Singapore International Film Festival

Chinese director Vivian Qu tells stories of the oppressed

Angels Wear White, by Vivian Qu (above) and starring teenage actress Zhou Meijun (left), opens the Singapore International Film Festival on Nov 23.
Angels Wear White, by Vivian Qu and starring teenage actress Zhou Meijun (above), opens the Singapore International Film Festival on Nov 23.PHOTO: 22 HOURS FILMS
Angels Wear White, by Vivian Qu (above) and starring teenage actress Zhou Meijun (left), opens the Singapore International Film Festival on Nov 23.
Angels Wear White, by Vivian Qu (above) and starring teenage actress Zhou Meijun, opens the Singapore International Film Festival on Nov 23.PHOTO: 22 HOURS FILMS

Festival opening film Angels Wear White was sparked by the stories Chinese director Vivian Qu heard of youth being violated or committing crimes

The sexual assault of two 12-year-old girls sets off a harrowing chain of events in the film Angels Wear White (2017). Despite the premise, there is nothing lurid or sensationalistic in Chinese film-maker Vivian Qu's second directorial feature.

Speaking in Mandarin over the telephone, she tells The Straits Times that the film started from stories she had heard over the years of youth being violated or perpetrating crimes.

"It seems we don't care enough about the young and this worries me. We say that the next generation is our future and we should be helping and protecting them. The impact of not doing so might be very severe in time to come."

In the film, contemporary society is fraught with dangers and temptations for the young, given the corrupting force of money.

Qu says: "When everything is up for sale, how can a young girl find the right answer for herself and move forward? This has all gotten a lot more complicated."

She was calling from London, where the film was being screened at the BFI London Film Festival.

Angels Wear White has been nominated for three Golden Horse Awards - Best Feature Film, Best Director and Best Leading Actress for Vicky Chen. Chen plays Mia, an underage illegal worker at a motel where the assault took place.

  • BOOK IT / SINGAPORE INTERNATIONAL FILM FESTIVAL

    WHERE: Marina Bay Sands, Shaw Theatres Lido, National Museum of Singapore, National Gallery Singapore, The Arts House and Filmgarde Bugis+

    WHEN: Nov 23 to Dec 3

    ADMISSION: $25 for opening film, $15 for special presentation films and $12 for other films. Discounts and concessions available. Refundable registration fee of $5 for masterclasses, In Conversation events and talks. Ticket sales start today via Sistic (call 6348-5555 or go to www.sistic.com.sg). Tickets for the opening film, Angels Wear White, and special presentation films, The Song Of Scorpions and Oh Lucy!, are also available through marinabaysands.com/ticketing and at the Marina Bay Sands Mastercard Theatres box office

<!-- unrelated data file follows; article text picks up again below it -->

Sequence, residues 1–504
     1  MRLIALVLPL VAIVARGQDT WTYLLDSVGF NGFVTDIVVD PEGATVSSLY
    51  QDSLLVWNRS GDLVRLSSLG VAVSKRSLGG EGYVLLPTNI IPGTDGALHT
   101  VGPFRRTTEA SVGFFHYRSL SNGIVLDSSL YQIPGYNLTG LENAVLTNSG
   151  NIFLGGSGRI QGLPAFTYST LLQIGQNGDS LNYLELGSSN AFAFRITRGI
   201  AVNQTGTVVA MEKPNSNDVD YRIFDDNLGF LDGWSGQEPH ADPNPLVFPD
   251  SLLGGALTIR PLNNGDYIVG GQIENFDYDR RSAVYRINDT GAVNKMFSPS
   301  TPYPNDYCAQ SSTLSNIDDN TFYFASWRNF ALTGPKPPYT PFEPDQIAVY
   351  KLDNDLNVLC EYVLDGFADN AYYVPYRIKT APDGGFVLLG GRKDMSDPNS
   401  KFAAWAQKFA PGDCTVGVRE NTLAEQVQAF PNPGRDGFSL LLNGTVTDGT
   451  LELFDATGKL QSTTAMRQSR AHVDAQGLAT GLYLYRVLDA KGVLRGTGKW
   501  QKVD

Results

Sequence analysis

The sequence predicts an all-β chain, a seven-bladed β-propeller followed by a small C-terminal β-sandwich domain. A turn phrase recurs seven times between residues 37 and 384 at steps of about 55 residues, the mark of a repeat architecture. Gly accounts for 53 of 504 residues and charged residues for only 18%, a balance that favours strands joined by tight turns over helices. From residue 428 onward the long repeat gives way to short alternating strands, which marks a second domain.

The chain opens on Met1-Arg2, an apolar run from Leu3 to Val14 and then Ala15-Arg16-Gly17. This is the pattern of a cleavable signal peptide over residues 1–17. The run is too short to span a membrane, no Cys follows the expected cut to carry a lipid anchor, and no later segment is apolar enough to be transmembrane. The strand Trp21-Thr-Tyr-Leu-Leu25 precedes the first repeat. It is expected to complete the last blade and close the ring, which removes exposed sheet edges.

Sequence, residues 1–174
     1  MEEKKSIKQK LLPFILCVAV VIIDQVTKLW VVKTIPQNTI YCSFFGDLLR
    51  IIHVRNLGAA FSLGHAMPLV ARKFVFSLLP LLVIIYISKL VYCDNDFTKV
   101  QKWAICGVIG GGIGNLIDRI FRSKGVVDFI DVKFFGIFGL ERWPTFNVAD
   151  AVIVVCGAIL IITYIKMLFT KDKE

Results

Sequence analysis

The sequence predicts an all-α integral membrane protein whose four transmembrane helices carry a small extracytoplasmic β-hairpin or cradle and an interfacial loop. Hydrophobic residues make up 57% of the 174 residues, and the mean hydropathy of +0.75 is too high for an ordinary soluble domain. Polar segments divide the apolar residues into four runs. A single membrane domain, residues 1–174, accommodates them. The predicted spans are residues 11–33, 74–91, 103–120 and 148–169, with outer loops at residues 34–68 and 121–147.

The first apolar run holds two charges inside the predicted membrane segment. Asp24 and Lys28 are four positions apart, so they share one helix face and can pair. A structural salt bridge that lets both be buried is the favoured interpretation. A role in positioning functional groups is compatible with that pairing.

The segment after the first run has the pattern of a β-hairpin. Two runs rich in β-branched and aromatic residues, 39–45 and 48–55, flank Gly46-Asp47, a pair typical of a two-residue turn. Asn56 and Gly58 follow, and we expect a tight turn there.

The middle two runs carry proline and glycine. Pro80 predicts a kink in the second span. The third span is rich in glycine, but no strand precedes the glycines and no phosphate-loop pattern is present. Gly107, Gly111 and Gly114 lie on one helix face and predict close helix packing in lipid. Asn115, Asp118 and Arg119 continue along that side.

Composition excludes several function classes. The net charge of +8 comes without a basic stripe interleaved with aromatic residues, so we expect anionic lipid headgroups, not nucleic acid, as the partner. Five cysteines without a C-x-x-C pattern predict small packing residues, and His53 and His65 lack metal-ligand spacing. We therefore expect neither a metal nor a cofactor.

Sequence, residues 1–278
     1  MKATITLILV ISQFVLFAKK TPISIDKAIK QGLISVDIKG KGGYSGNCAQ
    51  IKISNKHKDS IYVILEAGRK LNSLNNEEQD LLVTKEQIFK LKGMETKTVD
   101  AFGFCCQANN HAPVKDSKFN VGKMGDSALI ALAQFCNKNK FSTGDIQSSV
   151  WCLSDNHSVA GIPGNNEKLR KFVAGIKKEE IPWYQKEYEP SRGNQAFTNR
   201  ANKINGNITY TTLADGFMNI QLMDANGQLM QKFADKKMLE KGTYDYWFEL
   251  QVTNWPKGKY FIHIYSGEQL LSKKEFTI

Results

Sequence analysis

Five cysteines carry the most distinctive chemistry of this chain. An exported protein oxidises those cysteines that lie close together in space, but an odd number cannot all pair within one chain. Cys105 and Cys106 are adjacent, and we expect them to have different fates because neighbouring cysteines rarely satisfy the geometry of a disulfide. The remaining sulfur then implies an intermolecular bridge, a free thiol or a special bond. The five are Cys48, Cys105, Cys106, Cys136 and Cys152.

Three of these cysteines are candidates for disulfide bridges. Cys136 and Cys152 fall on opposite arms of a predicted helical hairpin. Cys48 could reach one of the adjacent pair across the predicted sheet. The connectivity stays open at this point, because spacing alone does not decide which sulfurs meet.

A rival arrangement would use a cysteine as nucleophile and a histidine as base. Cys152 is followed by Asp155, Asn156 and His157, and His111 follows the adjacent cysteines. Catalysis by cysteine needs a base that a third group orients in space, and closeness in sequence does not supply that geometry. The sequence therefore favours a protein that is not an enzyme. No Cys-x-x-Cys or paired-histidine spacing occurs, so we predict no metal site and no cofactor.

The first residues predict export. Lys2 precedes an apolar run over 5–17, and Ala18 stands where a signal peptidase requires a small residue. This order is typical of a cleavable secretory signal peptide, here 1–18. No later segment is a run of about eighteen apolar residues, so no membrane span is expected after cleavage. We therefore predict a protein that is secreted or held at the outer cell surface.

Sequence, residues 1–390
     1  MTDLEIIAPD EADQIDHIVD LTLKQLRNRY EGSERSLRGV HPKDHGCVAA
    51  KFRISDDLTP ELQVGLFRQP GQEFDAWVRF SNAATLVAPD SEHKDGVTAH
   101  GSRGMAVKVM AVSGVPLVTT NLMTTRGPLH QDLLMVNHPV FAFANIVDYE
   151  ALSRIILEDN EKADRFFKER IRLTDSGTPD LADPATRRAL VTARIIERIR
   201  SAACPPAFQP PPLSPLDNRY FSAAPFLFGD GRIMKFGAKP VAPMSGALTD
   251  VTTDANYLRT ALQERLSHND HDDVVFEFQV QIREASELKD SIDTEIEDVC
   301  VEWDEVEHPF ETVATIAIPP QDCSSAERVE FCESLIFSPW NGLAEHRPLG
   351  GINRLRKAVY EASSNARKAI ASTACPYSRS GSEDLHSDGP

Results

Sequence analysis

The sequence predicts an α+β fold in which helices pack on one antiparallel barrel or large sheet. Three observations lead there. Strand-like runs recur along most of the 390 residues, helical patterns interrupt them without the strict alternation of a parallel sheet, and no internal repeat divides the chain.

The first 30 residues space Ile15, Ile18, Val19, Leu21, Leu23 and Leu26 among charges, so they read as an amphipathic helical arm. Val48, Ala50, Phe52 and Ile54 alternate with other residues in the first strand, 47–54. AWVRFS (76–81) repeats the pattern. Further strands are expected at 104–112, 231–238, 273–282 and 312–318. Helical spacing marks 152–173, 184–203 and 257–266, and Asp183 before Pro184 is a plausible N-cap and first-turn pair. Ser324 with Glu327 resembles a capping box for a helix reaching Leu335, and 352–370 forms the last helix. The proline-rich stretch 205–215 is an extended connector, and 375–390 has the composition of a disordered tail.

INFO: sgiff.com

The film will open the 28th Singapore International Film Festival (SGIFF) on Nov 23 at Marina Bay Sands.

The line-up of films and personalities in attendance includes Anup Singh's Hindi drama The Song Of Scorpions (2017); Hong Kong drama The White Girl (2017) by Jenny Suen and Christopher Doyle; American-Japanese comedy drama Oh! Lucy (2017) by Atsuko Hirayanagi; Japanese actor Koji Yakusho (Shall We Dance?, 1996), who will be receiving the Cinema Legend Award; and feted Indonesian film-maker Garin Nugroho for the Honorary Award.

SGIFF executive director Yuni Hadi says Angels Wear White tells a "hard-hitting story of the society's marginalised through the camera lens and brings to the fore a rare female perspective towards the state of oppression".

Qu notes that there are seven female characters in her film, including a giant statue of American screen legend Marilyn Monroe.

Though they are at different stages of life and have different attitudes towards it, she is essentially writing about women.

But it is not a reductive portrayal along the lines of "men are bad and women are to be pitied".

Qu says: "We are already in the 21st century and yet the value of women is something that has not been really thought about."

When it comes to film-making, though, it seems that she would rather not be defined by her gender. She points out that the challenges she has faced are those common to arthouse directors, from raising funds to the film shoot.

The biggest hurdle is personal.

"Everything else are external difficulties to be overcome, but those are not really that challenging, the biggest challenge is to make your next film better."

A version of this article appeared in the print edition of The Straits Times on October 25, 2017, with the headline 'Giving oppressed females a voice'. Print Edition | Subscribe